It might still seem utterly futuristic and the technology is still really to be proven, but more and more government bodies around the world are getting behind the idea of a hyperloop. The Missouri Department of Transportation (MDOT) is the latest to latch onto the idea of supersonic tube travel, heading up a coalition of public-private partners to push for the construction of a hyperloop that would allow for a 25-minute trip across the length of the state.

To travel from Kansas City on Missouri's western border to St Louis on its eastern frontier currently takes just under four hours by car along the I-70 interstate highway. A hyperloop system connecting the two cities, via the central city of Columbia, would make it entirely possible to live in one and work, study and play in the other, with the estimated trip time coming in at 24.9 minutes.

That is still a ways off, but the proposal first made two years ago by MDOT to transport startup Hyperloop One is starting to gain some serious attention. The newly announced Missouri Hyperloop Coalition sees the Kansas City Tech Council, the Missouri Innovation Center and the St Louis Regional Chamber of commerce get behind the idea and now looks to fund a study into its feasibility.

"It is clear from our conversations with Hyperloop One that they were impressed with our initial proposal," says Andrew Smith, Vice President of Entrepreneurship and Innovation for the St. Louis Regional Chamber. "Our proposed route connects two major metropolitan areas in the same state along with a major research university, and we have the most favorable regulatory and cost environment of any proposed build site. Hyperloop One is encouraging us to take the next step with an engineering feasibility study."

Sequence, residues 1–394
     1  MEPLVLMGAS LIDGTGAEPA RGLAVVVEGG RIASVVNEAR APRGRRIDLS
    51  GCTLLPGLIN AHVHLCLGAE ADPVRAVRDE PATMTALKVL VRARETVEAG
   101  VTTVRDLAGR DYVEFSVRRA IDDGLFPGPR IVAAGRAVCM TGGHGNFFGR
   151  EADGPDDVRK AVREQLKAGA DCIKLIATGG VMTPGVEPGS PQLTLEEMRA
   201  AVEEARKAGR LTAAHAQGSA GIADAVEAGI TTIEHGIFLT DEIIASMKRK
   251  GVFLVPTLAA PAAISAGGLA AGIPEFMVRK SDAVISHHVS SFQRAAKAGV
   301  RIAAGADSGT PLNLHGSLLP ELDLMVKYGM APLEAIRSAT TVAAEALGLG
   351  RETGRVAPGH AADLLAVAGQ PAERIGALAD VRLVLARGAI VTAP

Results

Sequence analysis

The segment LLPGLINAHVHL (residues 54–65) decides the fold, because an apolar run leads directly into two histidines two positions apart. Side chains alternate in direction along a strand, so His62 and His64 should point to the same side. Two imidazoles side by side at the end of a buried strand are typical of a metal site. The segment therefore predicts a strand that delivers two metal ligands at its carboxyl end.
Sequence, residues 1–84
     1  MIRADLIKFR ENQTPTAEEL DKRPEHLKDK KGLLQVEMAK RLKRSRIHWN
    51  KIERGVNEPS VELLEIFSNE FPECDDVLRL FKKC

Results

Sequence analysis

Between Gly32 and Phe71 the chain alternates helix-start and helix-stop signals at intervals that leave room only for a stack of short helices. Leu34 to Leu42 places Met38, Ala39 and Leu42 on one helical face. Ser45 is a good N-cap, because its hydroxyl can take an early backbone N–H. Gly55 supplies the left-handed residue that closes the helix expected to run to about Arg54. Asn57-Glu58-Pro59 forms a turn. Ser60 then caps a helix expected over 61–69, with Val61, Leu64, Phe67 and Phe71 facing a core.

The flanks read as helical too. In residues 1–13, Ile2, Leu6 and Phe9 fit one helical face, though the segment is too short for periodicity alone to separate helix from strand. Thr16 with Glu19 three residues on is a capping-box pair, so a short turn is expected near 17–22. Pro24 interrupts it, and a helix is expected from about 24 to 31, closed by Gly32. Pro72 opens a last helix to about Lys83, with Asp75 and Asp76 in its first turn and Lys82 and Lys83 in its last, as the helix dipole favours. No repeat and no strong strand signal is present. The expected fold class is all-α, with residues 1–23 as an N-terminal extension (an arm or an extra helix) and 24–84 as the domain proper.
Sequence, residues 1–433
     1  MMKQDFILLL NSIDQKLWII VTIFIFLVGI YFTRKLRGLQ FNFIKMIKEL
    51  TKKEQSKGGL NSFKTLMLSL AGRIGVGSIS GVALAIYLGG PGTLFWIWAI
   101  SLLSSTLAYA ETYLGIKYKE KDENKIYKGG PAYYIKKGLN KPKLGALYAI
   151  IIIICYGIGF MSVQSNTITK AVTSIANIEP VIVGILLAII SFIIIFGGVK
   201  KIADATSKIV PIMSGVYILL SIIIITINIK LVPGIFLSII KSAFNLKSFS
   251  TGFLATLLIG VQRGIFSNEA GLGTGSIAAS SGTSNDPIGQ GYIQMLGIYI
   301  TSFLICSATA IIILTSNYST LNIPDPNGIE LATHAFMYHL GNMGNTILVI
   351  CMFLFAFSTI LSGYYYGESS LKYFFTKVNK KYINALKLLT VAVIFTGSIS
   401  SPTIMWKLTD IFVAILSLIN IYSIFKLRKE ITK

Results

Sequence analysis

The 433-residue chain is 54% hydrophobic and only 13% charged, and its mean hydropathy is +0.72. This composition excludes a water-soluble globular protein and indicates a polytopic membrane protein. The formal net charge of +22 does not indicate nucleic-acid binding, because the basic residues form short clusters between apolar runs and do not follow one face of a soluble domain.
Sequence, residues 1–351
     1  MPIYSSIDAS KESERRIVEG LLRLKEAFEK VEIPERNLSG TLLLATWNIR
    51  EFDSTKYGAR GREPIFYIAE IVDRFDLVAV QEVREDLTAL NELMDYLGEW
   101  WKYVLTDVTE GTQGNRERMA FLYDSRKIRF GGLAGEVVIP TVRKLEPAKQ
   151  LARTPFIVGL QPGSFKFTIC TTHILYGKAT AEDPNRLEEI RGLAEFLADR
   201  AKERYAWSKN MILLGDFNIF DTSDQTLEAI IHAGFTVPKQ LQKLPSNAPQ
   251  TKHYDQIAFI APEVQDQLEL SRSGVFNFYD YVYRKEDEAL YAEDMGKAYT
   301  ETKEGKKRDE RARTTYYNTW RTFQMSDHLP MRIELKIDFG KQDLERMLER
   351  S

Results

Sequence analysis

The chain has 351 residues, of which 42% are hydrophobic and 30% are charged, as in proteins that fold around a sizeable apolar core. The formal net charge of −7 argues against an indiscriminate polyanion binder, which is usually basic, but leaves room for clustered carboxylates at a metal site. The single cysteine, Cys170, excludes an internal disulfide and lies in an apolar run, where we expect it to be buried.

That feasibility study is expected to cost between US$1 and $1.5 million and the coalition believes that the funding will come from the business community in Missouri. It says the proposed route would connect five million residents to research facilities and businesses, and give the state a new advantage when it comes to luring new businesses and talent.

Hyperloop One has formed partnerships with a number of governments around the world to carry out feasibility studies of this nature. Possible locations include Dubai, Russia, and Finland, while the company also recently concluded its Hyperloop One Global Challenge, an XPrize-style competition setup to identify potential Hyperloop routes.

It is making some promising advances on the technological side of things, too. It has built a full-scale test track and a full-scale prototype capsule, shuttling it along at more than 300 km/h (186 mph). Given the target speed of a fully realized hyperloop is around 1,200 km/h (745 mph), there is clearly still a lot of work to do, but with more and more money pouring in from both public and private sectors the technology is certainly building up some steam.

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